Spied without camouflage four months ago, the Enyaq Coupe iV will join the more conventional sibling with a drag coefficient of 0.247 for the 2022 model year. The more slippery bodyshell helps the sloping-roofed variant cover more than 535 kilometers (332 miles) under the WLTP.
Offered with a choice of two batteries and three powertrains, the Enyaq Coupe iV flaunts a trunk capacity of 570 liters (20.1 cubic feet) behind the rear seats. To arrive in European showrooms early next year, this fellow is described as a “four-door coupe” by Skoda even though it clearly isn’t one.
If the trunk lid integrates the rear window, that’s considered the fifth door across the automotive industry. Mercedes-AMG is bending this rule as well with the GT 4-Door Coupe, which is technically a five-door liftback sedan.
Based on the MEB modular electric platform introduced by the Volkswagen Group in the ID.3 compact hatchback, the Enyaq Coupe iV offers a 62-kWh battery in entry-level specification. 58 kWh can be actually used by the rear-mounted electric motor, which is rated at 132 kW (180 PS or 177 horsepower) and drives the rear wheels through a single-speed gearbox with a two-stage design. The 1:10 gearing limits the speed and revolutions per minute to 160 kilometers per hour (99.4 mph) and 16,000 rpm, respectively.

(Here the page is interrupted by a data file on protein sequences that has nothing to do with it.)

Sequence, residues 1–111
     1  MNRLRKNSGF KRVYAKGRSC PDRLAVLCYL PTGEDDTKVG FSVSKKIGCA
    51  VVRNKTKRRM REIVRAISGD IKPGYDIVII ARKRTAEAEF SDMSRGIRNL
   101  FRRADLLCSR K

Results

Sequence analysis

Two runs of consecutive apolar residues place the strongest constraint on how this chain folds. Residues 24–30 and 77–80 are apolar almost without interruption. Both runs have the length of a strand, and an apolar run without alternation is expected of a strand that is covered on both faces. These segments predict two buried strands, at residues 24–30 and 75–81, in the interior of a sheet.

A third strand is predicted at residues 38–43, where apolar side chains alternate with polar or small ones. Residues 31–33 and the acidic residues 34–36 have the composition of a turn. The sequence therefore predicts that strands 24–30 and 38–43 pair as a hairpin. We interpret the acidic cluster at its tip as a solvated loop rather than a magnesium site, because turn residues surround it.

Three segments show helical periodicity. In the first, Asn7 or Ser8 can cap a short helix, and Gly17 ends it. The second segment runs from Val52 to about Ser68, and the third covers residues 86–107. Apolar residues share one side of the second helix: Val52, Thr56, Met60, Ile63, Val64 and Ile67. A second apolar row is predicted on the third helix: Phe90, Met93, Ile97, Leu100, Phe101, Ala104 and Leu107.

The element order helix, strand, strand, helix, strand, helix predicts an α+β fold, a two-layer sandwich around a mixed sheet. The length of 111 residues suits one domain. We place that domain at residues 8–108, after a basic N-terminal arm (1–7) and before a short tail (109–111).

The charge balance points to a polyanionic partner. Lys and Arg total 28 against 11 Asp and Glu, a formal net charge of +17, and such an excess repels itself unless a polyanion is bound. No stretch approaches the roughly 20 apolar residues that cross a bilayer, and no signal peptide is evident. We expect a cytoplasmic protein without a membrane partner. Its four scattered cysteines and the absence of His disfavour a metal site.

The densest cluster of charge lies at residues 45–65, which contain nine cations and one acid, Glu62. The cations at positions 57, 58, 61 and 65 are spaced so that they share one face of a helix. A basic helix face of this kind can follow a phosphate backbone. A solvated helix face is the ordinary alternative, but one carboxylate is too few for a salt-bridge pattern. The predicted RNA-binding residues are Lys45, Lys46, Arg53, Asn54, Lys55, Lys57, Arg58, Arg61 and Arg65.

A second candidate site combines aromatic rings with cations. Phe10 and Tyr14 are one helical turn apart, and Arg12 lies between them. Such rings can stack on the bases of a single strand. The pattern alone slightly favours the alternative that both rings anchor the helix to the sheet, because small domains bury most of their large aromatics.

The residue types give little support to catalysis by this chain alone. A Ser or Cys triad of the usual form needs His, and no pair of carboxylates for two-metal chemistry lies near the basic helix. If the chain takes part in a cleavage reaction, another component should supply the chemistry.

The next level up for the Enyaq Coupe iV is the 82-kWh battery with a net capacity of 77 kWh, the most efficient configuration offered in the first year of production. The single-motor drivetrain is rated at 150 kW (204 PS or 201 horsepower). Customers who can’t do without AWD have to specify the “80x” option that matches the aforementioned battery pack with a dual-motor setup that develops up to 195 kW (265 PS or 261 horsepower).
According to Skoda, the less practical sibling of the Enyaq iV can be charged in six to eight hours using an 11-kW wall box. At most, the coupe-like utility vehicle can sustain 125 kW at a public DC fast-charging station.